High-Resolution NIR Analysis

December 1, 2010

New detector and optical bench options make it possible to configure near-infrared spectrometer setups for high-resolution applications such as laser and optical fiber characterization.

Near-infrared spectroscopy is a common analytical technique for chemistry and process control, where typical applications include identification of species and determination of water and fat content. In applications like those, absorbance peaks are often broad and optical resolution requirements of lesser concern than performance parameters such as low noise and high sensitivity.

Yet there also are number of NIR applications where optical resolution of <5.0 nm (FWHM) or better is critical. Characterization of laser lines — examples include solid state lasers at 1064 nm and at wavelengths from 1020–1050 nm, as well as semiconductor lasers with response in the 900–1800 nm range — often require even better optical resolution. Optical fiber characterization and determination of atomic emission lines are other high-resolution NIR applications.

Experimental Conditions

To test the optical resolution performance of our NIRQuest512-2.2 spectrometer, which has a Hamamatsu G9206-512W InGaAs-array detector and is responsive from 900–2200 nm, we measured the spectrum of a xenon source used for spectrometer wavelength calibration. The low-pressure gas-discharge source has a number of closely aligned emission lines in the region from ~820–2000 nm, making it a good choice for our experiment.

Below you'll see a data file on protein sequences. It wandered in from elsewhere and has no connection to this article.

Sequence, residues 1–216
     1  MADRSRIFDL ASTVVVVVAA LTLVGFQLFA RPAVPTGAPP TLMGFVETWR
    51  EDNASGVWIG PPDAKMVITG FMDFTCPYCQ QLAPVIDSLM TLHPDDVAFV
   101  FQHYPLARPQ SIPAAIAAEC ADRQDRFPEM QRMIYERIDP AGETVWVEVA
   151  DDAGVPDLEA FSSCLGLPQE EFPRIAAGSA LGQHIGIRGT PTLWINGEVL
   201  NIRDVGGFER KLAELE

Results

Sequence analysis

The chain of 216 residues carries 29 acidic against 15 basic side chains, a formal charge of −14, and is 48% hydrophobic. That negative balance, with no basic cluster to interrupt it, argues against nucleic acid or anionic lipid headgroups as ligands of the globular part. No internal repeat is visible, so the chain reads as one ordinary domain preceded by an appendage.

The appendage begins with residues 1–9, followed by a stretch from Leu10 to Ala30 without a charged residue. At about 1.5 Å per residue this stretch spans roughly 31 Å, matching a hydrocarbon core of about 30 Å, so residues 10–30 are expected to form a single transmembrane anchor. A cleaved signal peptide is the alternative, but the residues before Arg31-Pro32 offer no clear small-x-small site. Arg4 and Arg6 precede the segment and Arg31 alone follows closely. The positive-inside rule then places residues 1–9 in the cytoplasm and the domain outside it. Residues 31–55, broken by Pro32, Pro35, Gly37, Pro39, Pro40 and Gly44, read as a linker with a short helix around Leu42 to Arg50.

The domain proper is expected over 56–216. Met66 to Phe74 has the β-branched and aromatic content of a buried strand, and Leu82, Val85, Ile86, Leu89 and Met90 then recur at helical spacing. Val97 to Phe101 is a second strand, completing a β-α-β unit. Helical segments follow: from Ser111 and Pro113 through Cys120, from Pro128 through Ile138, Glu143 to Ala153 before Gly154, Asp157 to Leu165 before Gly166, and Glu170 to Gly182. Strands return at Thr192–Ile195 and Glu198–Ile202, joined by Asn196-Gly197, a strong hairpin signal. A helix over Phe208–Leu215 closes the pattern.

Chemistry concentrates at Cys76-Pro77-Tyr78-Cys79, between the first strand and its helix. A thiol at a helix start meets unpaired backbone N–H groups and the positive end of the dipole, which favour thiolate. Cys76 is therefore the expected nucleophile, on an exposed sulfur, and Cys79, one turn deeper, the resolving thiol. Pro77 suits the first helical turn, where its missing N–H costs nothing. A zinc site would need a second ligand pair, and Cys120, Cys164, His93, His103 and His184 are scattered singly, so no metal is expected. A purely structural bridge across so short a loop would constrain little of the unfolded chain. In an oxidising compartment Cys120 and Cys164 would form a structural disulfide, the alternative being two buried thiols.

Figure 1: The closely aligned peaks of a xenon source used for spectrometer wavelength calibration can be distinguished with the high-resolution NIRQuest NIR spectrometer.

The NIRQuest512-2.2 was configured with a 100 lines/mm grating set to 900–2050 nm, with a 25 µm slit and gold-coated collimating and focusing mirrors for enhanced reflectivity. This is the standard configuration for the NIRQuest product line, which includes models for 900–1700 nm, 900–2050 nm, 900–2200 nm, and 900–2500 nm. Additional grating options and slit sizes are available for custom setups.

We used a 50 µm VIS-NIR optical fiber to collect signal from the xenon source. (For optimum results, we recommend the use of a 50 µm diameter or smaller optical fiber with all of our spectrometer wavelength calibration sources.) NIRQuest512-2.2 integration time was set to 350 ms and spectral averaging set to 5.

Results

The spectrum from the xenon calibration source illustrates that optical resolution of ~4.6 nm (FWHM) is possible with the NIRQuest512-2.2 in its standard configuration (Figure 1). What's more, even better optical resolution is possible in a NIRQuest512-2.2 configured with a grating that has a narrower spectral bandwidth. For example, a NIRQuest512-2.2 with a 600 l/mm grating set over a 100-nanometer bandwidth and configured with a 25 µm slit would yield optical resolution of <0.5 nm (FWHM). Resolution would improve even more with a 10 µm slit, but at the expense of throughput. For most laser applications, that's likely to be an acceptable trade-off.

Conclusions

New NIR detectors and optical bench options allow researchers to experience high optical resolution performance in the region from 900–2500 nm. This elevates the versatility of smaller footprint, more modular NIR spectrometers for applications previously thought to be out of reach.

Ocean Optics, Inc.

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